Michael Cohen; Shera Bechard; Elliot Broidy (AP/Getty/YouTube/Salon)

Federal authorities raided Trump fundraiser’s office in money laundering probe

A sealed search warrant shows federal agents scoured Elliott Broidy’s office for documents


Justin ElliottRobert Faturechi
March 22, 2019 11:30AM (UTC)
This article originally appeared on ProPublica.
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Federal authorities raided the office of Republican fundraiser Elliott Broidy last summer, seeking records related to his dealings with foreign officials and Trump administration associates, according to a sealed search warrant obtained by ProPublica.

Agents were authorized to use the megadonor’s hands and face to unlock any phones that required fingerprint or facial scans.

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The Washington Post reported in August that the Justice Department was investigating Broidy. The sealed warrant offers new details of federal authorities’ investigation of allegations that Broidy had attempted to cash in on his Trump White House connections in dealings with foreign officials. It also shows that the government took a more aggressive approach with the Trump ally than was previously known, entering his office and removing records — just as it did with Trump’s personal lawyer Michael Cohen.

Broidy served as a major Trump campaign fundraiser and was the national deputy finance chair of the Republican National Committee until he resigned in April 2018, when it was revealed he had agreed to secretly pay off a former Playboy model in exchange for her silence about their affair.

The search warrant cites three potential crimes that authorities are investigating: conspiracy, money laundering and violations of the law barring covert lobbying on behalf of foreign officials. To obtain a search warrant, authorities have to convince a judge that there’s a probable cause they will find evidence of those specific crimes.

The search warrant also for the first time links Broidy to a globe-trotting Miami Beach party promoter.

The warrant, filed in July 2018, targeted Broidy’s office in Los Angeles. The scope of what authorities were seeking was broad. They planned to seize any evidence related to a list of dozens of people, countries and corporate entities, according to the warrant. Among the names on the list are Rick Gates, the former Trump campaign official who has pleaded guilty in the Mueller probe; Colfax Law Office, the firm founded by Robin Rosenzweig, Broidy’s wife; and several foreign countries.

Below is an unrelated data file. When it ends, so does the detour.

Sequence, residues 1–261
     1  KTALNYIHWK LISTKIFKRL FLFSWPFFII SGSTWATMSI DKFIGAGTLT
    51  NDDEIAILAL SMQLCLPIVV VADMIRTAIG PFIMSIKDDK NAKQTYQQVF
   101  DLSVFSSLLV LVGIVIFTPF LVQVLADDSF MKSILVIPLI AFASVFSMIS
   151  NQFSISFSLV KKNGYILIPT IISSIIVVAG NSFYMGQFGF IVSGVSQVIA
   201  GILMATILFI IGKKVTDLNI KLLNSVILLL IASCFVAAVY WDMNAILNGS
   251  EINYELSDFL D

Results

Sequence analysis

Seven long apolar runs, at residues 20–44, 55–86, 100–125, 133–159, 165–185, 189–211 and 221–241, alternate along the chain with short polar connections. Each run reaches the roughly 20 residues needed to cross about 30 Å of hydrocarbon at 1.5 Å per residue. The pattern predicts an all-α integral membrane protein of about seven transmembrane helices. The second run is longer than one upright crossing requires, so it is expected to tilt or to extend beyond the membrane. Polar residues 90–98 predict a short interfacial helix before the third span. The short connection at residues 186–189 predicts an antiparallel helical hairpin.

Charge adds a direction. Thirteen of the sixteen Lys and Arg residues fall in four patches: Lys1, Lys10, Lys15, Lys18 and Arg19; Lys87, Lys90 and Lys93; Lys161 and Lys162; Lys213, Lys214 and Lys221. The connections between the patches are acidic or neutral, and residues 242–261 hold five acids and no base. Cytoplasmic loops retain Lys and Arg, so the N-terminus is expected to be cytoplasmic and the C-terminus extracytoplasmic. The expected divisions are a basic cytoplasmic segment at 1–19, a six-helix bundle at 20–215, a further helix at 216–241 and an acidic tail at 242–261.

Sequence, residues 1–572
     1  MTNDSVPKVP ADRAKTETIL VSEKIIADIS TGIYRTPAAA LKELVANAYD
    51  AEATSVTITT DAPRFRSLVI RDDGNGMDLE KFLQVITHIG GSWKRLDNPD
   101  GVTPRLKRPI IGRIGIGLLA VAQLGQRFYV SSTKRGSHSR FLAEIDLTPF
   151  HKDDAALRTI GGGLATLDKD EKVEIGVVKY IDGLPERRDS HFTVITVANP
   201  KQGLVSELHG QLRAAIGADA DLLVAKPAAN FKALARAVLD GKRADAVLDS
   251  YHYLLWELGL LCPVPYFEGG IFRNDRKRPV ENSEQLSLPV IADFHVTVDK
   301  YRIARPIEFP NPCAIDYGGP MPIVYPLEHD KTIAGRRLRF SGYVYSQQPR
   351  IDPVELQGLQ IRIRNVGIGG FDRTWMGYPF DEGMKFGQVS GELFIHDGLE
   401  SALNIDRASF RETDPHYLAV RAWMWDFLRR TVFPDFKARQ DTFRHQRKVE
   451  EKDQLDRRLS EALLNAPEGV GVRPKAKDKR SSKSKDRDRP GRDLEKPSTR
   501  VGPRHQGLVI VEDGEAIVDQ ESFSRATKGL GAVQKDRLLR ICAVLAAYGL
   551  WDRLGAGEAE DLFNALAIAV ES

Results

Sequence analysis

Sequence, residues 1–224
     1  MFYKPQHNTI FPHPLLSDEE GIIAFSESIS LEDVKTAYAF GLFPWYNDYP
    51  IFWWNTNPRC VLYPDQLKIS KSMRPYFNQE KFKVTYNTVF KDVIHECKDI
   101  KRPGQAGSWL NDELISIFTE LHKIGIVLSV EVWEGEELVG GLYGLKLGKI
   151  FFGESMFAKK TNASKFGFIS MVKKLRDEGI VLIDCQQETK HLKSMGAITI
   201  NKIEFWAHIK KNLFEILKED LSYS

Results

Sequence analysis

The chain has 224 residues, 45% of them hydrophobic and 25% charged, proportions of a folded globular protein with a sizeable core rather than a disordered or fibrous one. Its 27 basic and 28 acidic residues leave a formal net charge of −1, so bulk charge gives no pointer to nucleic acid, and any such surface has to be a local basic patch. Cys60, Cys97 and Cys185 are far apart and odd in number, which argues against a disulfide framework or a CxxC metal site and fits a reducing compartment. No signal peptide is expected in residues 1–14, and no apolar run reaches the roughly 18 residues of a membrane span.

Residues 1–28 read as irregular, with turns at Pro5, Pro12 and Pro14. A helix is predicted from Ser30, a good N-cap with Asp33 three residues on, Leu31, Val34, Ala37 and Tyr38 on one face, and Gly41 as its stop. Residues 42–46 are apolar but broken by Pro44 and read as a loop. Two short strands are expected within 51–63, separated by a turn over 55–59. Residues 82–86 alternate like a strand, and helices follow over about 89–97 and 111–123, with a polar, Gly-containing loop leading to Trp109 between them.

Spokespeople for the Justice Department and the FBI declined to comment for this story.

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Broidy’s attorney as well as a spokesman did not answer a list of detailed questions sent by ProPublica.

Broidy, an investor based in Los Angeles, pleaded guilty in 2009 to charges connected to his role in a major New York state public corruption and bribery case. But after backing Trump for president, he saw his star rise again. After the inauguration, he played a central role in filling administration vacancies, according to reports by ProPublica and others.

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However, he once again quickly became mired in controversy, amid allegations of influence peddling and his dealings with the former Playboy model.

The search warrant shows that federal authorities are interested in Broidy’s alleged work for the Malaysian financier Jho Low, who is at the center of a sprawling international scandal known as 1MDB. In November, the Justice Department unveiled a bribery and money laundering case against Low.

In a separatefiling in November, the Justice Department alleged that Broidy was paid by Low to lobby Trump administration officials to ease off on U.S. investigations into Low. Broidy is not identified by name in the filings, but he is widelyreported to be the person referred to as “Individual No. 1.” Broidy has not been charged with a crime, and it’s unclear what the status of the investigation is.